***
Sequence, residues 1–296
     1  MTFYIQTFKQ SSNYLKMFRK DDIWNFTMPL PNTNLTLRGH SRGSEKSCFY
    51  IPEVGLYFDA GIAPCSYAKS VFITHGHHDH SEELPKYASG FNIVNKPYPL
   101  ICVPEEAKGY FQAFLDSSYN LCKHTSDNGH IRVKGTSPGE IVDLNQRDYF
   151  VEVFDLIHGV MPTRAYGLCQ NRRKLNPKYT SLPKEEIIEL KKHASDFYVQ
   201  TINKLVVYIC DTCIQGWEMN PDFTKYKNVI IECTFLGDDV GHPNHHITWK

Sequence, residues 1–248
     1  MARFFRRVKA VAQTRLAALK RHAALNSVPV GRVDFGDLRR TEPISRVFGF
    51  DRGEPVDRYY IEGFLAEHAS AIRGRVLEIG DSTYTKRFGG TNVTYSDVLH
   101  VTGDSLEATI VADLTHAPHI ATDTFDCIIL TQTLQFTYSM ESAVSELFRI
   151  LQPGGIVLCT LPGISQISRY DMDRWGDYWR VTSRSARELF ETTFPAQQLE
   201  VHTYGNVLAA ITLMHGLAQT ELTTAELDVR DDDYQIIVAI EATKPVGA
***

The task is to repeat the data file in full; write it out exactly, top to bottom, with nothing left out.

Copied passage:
Sequence, residues 1–296
     1  MTFYIQTFKQ SSNYLKMFRK DDIWNFTMPL PNTNLTLRGH SRGSEKSCFY
    51  IPEVGLYFDA GIAPCSYAKS VFITHGHHDH SEELPKYASG FNIVNKPYPL
   101  ICVPEEAKGY FQAFLDSSYN LCKHTSDNGH IRVKGTSPGE IVDLNQRDYF
   151  VEVFDLIHGV MPTRAYGLCQ NRRKLNPKYT SLPKEEIIEL KKHASDFYVQ
   201  TINKLVVYIC DTCIQGWEMN PDFTKYKNVI IECTFLGDDV GHPNHHITWK

Sequence, residues 1–248
     1  MARFFRRVKA VAQTRLAALK RHAALNSVPV GRVDFGDLRR TEPISRVFGF
    51  DRGEPVDRYY IEGFLAEHAS AIRGRVLEIG DSTYTKRFGG TNVTYSDVLH
   101  VTGDSLEATI VADLTHAPHI ATDTFDCIIL TQTLQFTYSM ESAVSELFRI
   151  LQPGGIVLCT LPGISQISRY DMDRWGDYWR VTSRSARELF ETTFPAQQLE
   201  VHTYGNVLAA ITLMHGLAQT ELTTAELDVR DDDYQIIVAI EATKPVGA